Vein Disease

Brian Marino, M.D.

"The doctor took his time, listened and answered all my questions patiently."

From Patient Survey

Endovenous Laser Therapy for Varicose Veins

What is vein disease?

Veins are the blood vessels that return blood to the heart from the body. To overcome the force of gravity, inside the veins are one-way valves which open to allow blood flow to the heart, and close to prevent “reflux” of blood back to the body. When these valves fail to function, or if the vein is damaged so the valves do not completely close, blood can begin to pool in the vein and cause a variety of vein complications.

What are the different types of vein disease?

Spider veins are the small, thread-like colored veins that are most often seen on the surface of the skin. While many people seek treatment for spider veins for cosmetic reasons, spider veins also can result in substantial discomfort requiring therapy. Varicose veins are the large, “rope-like” veins which are often ¼˝ or larger in diameter. Varicose veins generally grow in size over time and can result in substantial pain and complications if not treated.

How do I know if I have vein disease?

Fortunately, most vein disease can be seen by looking at the size and color of the vein at the skin surface. In some cases, however, the diseased vein may be deeper in the body and not visible through the skin. As a result, paying close attention to other symptoms is important in diagnosing vein disease. Many patients with vein disease experience cramping, aching, burning, itching, soreness or “tired” or “restless” legs, especially in the calf muscles. If you experience these symptoms, your physician can quickly and easily perform a test to determine if you have vein disease.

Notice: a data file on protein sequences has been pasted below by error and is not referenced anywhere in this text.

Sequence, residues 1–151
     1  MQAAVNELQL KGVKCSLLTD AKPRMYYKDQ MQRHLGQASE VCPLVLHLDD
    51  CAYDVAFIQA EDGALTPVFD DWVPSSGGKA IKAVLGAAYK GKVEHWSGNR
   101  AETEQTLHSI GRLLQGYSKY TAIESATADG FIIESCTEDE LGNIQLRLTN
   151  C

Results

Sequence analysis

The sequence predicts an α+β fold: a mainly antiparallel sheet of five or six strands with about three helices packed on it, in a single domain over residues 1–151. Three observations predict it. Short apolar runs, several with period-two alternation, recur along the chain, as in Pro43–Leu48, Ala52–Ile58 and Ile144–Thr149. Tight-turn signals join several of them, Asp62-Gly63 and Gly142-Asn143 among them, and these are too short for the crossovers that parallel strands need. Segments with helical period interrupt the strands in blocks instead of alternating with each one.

How common is vein disease?

Vein disease of the legs is one of the most common medical conditions. Approximately half of the population has some form of vein disease. Varicose veins affect between 15-25% of all adults, and approximately 50% of all people over age 50.1 Women have a higher incidence of vein disease than men.

How does vein disease occur?

The single most important cause of vein disease is heredity. Approximately 70% of all patients with varicose veins have parents with the same condition. Pregnancy, especially multiple pregnancies, is a contributing cause of vein disease. Other factors influencing vein disease are age, obesity and jobs which require long periods of standing.

Can vein disease be prevented?

Generally no. If you have a family history of vein disease, there is nothing you can do to change your genes. Being overweight can accelerate the progression of vein disease, and long periods of standing can also add to the problem. Diet and footwear are generally believed to be irrelevant in the formation of vein disease.

What are the treatment options for vein disease?

Depending on the type and stage of vein disease, there are many different treatments. Your physician can explain all of the options. The following are common treatments performed for vein disease:

Compression Stockings For minor pain from varicose veins, a compression stocking may be beneficial. The compression stocking will assist the leg in the pumping of blood back to the heart. While the vein disease symptoms may be relieved, compression stockings will not make the varicose veins go away.